SOCHI, Russia -- Two American women with inspiring stories are both in medal contention halfway through the women's skeleton competition, setting up the possibility of an emotional finish Friday.
Noelle Pikus-Pace, 31, who retired after the Vancouver Olympics but returned in 2012 with the goal of winning her first Olympic medal, is in second place after her first two runs Thursday, .44 seconds behind Great Britain's Lizzy Yarnold.
Katie Uhlaender, who has battled injuries, concussions, depression and the death of her father, former Major Leaguer Ted Uhlaender, finds herself in fourth place after two runs, just .14 seconds from the podium.
"That would be a dream come true if Katie and I could both be up on that podium together, to have two U.S. flags flying and waving in the wind," Pikus-Pace said. "That would be absolutely incredible."
Pikus-Pace began the competition with an opening run of 58.68 seconds, breaking Uhlaender's year-old course record. That mark was short-lived, though, as Yarnold followed it up with a 58.43. Pikus-Pace corrected a few mistakes to turn in a second run of 58.65, solidifying her second-place standing.
Pikus-Pace, who finished fourth in 2010 in Vancouver, has sparked questions this week by taking only two of the available six official training runs. She is reportedly suffering from back issues.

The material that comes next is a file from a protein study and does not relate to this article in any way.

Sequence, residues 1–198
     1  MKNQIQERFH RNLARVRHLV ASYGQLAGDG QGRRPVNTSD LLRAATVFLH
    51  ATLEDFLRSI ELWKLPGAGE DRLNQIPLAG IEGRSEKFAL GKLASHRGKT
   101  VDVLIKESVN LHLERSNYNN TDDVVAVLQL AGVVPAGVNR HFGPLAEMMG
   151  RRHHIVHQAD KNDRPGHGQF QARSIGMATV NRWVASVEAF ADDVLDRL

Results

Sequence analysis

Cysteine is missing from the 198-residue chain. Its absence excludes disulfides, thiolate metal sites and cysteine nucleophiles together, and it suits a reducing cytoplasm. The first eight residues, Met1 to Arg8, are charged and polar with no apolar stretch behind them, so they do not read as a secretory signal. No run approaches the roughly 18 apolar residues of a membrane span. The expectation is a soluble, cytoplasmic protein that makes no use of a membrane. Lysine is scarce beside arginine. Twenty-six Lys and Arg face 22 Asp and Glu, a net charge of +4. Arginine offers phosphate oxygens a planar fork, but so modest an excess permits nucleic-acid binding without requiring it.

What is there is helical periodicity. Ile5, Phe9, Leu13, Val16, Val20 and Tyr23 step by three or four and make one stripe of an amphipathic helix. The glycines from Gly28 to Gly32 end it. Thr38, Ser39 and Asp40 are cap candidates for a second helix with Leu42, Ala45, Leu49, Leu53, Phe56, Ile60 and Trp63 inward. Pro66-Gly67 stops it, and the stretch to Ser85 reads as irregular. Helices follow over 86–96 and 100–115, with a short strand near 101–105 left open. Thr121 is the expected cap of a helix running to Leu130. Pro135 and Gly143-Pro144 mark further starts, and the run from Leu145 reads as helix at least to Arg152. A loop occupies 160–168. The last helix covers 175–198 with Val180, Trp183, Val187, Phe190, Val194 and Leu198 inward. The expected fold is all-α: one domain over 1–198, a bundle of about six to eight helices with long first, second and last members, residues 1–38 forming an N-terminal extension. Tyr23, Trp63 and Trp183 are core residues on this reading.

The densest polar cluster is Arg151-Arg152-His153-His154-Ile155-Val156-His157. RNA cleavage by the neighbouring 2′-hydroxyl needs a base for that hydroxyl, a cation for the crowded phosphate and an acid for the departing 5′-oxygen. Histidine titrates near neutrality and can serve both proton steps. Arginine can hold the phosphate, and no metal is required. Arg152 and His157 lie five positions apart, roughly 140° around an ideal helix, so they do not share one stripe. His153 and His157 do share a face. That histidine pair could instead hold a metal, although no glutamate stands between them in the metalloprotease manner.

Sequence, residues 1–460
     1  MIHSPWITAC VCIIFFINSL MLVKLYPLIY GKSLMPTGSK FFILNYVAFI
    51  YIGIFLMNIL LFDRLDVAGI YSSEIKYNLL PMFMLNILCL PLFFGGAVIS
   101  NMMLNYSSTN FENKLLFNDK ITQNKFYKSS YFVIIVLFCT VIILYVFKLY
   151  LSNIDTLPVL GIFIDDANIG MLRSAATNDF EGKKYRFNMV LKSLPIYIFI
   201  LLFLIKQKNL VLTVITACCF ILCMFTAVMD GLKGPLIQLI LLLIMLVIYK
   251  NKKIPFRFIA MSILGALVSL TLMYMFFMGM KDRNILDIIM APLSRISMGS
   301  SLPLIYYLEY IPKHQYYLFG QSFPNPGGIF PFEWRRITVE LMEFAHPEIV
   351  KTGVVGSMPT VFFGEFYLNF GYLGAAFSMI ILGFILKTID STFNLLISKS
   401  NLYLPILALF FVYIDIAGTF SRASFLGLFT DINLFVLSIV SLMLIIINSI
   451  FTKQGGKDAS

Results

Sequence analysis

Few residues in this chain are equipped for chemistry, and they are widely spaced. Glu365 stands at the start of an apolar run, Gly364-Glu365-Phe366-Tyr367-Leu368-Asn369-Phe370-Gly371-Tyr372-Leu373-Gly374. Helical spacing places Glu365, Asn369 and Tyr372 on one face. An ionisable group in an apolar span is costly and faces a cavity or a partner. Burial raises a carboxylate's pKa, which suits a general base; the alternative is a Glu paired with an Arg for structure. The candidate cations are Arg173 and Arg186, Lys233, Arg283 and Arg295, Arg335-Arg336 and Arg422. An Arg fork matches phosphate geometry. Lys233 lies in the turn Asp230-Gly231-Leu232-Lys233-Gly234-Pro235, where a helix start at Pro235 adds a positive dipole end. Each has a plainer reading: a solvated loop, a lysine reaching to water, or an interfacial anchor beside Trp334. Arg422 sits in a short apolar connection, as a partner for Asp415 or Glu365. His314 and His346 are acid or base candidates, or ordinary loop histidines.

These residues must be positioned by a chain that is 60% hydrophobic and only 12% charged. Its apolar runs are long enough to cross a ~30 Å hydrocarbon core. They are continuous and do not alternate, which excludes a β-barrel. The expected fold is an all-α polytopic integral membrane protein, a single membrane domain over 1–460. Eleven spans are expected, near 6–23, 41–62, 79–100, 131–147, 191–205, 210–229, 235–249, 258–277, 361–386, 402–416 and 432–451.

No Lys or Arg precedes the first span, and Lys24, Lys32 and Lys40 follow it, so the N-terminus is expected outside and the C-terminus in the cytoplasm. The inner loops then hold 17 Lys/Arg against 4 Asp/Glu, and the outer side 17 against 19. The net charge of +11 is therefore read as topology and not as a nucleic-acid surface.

"I'm just trying to take it a day at a time," Pikus-Pace said. "It's pretty hard when I only had a few runs here, but I felt well coming into the race today, although my first run was pretty sloppy to say the least. I feel happy with how I was able to come back in the second run and put it down. I know what I need to change tomorrow, and I'll be ready to give my best."
One of the final racers in the field, Uhlaender turned in a time of 58.83 in her first run, followed by a 58.75, the third-fastest time of the second heat.
"I'm having mixed feelings," Uhlaender said. "I was really happy with my first run even though I made some mistakes at the top that cost me quite a bit of speed, but the second run, I had a huge mistake at the bottom that cost me from pulling ahead."
While Sochi organizers have promised snow will be on the ground despite warm temps in the coastal town, one thing we can say for sure: The venues for the 2014 Winter Olympics will be there.
Here's a look at some of the locales you'll see next month: